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Re: Help using "dd" command!

From: Pádraig Brady
Subject: Re: Help using "dd" command!
Date: Sun, 14 Sep 2014 11:35:22 +0100
User-agent: Mozilla/5.0 (X11; Linux x86_64; rv:17.0) Gecko/20130110 Thunderbird/17.0.2

On 09/14/2014 05:49 AM, Ricardo Ramos wrote:
> Hello, I'm making a paper about disk image aquisition software and I need a
> little help from someone more experienced.
> I used 2 programs to clone a disk on a GNU/Linux machine (Ubuntu), they are
> "dd" and "DdRescue", and I used 3 different HDD, 120GB, 160GB and 500GB.
> I captured the behaviour of the commands using the program pidstat, and the
> reports showed that the programs had the same CPU usage patterns, but on
> the other hand each HDD showed a different pattern.
> [image: Imagem intercalada 1]
> Percentage of CPU cores suing dd on the 120GB HDD.
> [image: Imagem intercalada 2]
> Percentage of CPU cores suing dd on the 160GB HDD.
> [image: Imagem intercalada 3]
> Percentage of CPU cores suing Ddrescue on the 120GB HDD.
> [image: Imagem intercalada 4]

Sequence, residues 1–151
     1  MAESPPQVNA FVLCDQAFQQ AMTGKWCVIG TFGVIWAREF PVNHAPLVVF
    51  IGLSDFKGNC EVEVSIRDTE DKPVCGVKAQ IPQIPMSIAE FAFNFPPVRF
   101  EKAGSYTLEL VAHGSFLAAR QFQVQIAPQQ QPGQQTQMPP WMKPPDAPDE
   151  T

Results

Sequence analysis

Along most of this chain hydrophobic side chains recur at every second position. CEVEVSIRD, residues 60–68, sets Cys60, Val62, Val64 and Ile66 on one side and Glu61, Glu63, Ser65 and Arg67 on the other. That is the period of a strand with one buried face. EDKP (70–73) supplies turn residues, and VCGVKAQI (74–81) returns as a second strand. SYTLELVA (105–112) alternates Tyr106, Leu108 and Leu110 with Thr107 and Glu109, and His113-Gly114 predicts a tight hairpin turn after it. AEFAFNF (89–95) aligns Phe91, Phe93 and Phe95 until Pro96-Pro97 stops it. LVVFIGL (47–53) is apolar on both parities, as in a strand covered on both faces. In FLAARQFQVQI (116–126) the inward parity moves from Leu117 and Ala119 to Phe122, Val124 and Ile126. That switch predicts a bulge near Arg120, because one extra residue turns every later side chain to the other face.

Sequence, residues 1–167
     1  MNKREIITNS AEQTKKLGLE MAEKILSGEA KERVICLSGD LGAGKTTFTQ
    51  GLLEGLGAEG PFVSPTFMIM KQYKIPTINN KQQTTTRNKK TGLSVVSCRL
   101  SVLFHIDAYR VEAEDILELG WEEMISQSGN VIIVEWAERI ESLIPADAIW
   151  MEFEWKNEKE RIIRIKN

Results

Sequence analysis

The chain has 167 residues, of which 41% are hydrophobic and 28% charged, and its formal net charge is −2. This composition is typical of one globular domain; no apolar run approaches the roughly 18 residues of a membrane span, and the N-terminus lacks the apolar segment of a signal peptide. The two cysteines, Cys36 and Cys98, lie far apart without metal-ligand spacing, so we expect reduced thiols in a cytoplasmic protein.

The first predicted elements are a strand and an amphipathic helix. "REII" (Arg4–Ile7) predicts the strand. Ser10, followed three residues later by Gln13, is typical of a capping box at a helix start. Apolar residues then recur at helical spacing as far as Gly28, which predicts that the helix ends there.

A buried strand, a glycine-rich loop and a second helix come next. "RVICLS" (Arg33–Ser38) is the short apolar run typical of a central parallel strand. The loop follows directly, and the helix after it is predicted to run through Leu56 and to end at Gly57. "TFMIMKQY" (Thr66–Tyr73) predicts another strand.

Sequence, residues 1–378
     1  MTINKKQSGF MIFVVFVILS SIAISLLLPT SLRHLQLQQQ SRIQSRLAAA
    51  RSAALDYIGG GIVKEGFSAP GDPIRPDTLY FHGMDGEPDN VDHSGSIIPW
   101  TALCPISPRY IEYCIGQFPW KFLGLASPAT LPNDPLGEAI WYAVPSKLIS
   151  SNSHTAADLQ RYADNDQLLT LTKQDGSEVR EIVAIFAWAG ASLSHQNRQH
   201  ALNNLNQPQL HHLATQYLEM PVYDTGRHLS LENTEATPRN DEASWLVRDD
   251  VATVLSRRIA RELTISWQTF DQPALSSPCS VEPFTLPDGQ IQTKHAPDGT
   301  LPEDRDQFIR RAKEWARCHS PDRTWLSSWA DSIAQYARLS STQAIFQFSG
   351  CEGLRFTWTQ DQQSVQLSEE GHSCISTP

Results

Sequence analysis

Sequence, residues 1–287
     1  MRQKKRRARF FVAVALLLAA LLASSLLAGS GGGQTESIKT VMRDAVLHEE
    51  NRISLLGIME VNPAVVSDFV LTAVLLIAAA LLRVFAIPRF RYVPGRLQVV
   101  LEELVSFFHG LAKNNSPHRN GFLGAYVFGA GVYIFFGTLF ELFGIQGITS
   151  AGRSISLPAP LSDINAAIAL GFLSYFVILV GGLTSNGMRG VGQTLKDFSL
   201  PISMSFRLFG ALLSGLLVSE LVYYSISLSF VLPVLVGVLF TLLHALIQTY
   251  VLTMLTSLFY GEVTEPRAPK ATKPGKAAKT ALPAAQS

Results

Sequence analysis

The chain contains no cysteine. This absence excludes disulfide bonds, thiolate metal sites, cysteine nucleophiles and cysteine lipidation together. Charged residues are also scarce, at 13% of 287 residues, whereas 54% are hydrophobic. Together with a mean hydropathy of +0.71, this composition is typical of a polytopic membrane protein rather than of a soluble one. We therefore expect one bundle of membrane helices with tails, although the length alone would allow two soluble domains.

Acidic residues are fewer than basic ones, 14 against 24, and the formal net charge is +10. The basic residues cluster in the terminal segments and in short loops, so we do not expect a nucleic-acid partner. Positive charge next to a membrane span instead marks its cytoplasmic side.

> Percentage of CPU cores suing Ddrescue on the 120GB HDD.
> Has you can see, it looks like it's a similar pattern, could anyone explain
> to me one or both of the work so that I can find out why are they using
> almost the same percentage of CPU cores and exactly the same cores.
> Thank you.
> PS: Sorry for the bad english, I'm a portuguese speaker.

This will probably be an I/O bound operation.
I.E. the CPU will be waiting for the storage subsystem.
You can make the I/O more efficient by adjusting the
amount of work done at a time using the dd bs parameter.
I've not looked at ddrescue but given its use case
I would expect it to have a dynamic block size that
would start out large for efficiency, and reduce in the presence
of read errors to minimize data loss.

Assuming no errors, you can get dd to behave efficiently
with a block size of say bs=2M

Also I've see bad interaction with the Linux page cache
especially for slow devices, so you might get improved
resource usage by avoiding that with iflag=direct oflag=direct


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